E.g., 08/02/2014
E.g., 08/02/2014

Europe: Population and Migration in 2005

Adjust Font    |    Print    |    RSS    |    Reprint Permission

Europe: Population and Migration in 2005

After having been primarily countries of emigration for more than two centuries, many parts of Europe gradually became destinations for international migrants in the last 50 years.

As a result, the number of European countries with a positive migration balance — meaning more people have entered than left the country — has grown over the last decades. In many cases, the size of net migration determines whether a country still has population growth or is entering a stage of population decline.

According to 2005 data, all countries of Western Europe (the European Union's first 15 members (EU-15), Norway, and Switzerland) have a positive migration balance, as do six of the 10 new EU Member States — Cyprus, the Czech Republic, Hungary, Malta, Slovenia, and Slovakia. It is very likely that, sooner or later, this will also be the case in the rest of Europe.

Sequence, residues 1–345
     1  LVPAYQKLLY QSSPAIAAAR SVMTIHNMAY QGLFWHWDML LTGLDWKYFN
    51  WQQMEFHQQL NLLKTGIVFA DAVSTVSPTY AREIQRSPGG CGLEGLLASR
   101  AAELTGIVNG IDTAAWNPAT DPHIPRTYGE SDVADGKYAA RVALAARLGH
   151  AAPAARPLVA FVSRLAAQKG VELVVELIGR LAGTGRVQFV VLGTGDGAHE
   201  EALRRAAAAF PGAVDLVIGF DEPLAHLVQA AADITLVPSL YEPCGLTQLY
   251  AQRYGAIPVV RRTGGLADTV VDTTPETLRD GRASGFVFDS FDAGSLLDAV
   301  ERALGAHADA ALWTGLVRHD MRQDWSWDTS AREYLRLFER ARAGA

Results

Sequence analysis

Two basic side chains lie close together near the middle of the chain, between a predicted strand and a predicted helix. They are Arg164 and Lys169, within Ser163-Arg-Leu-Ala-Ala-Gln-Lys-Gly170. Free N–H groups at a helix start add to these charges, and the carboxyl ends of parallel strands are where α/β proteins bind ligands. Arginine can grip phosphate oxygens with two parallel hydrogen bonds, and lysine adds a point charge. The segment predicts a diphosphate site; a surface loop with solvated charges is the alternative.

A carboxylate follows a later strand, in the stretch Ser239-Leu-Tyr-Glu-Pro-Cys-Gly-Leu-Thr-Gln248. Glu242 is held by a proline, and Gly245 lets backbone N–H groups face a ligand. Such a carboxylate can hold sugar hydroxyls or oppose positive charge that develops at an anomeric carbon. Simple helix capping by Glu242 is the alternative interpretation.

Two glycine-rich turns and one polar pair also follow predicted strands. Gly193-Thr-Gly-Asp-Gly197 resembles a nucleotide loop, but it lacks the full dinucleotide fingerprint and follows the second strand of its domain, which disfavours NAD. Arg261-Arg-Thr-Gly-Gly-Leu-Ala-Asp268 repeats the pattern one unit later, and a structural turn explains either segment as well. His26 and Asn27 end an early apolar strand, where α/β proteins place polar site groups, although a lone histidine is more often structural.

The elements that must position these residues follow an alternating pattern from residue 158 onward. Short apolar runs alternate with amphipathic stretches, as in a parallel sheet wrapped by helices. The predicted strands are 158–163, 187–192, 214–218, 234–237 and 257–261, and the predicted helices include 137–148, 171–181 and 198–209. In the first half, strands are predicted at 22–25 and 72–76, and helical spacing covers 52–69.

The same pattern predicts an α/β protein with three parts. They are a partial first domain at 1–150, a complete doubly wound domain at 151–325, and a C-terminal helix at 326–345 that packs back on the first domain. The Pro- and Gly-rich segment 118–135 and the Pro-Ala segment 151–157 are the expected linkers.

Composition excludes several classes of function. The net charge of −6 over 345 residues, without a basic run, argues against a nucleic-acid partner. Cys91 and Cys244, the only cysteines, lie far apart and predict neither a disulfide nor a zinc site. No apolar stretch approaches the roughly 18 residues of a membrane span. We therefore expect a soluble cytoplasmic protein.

Origin of the Data

This article is based on the analysis of demographic data published by Eurostat, the European Union's statistical agency.

Eurostat collects its data from national sources in the 25 EU Member States, two accession countries (Bulgaria and Romania) and three candidate countries (Croatia, Macedonia, and Turkey). Eurostat does not correct or comment on national-level data.

The EU-15 includes Austria, Belgium, Denmark, Finland, France, Germany, Greece, Ireland, Italy, Luxembourg, the Netherlands, Portugal, Spain, Sweden, and the United Kingdom.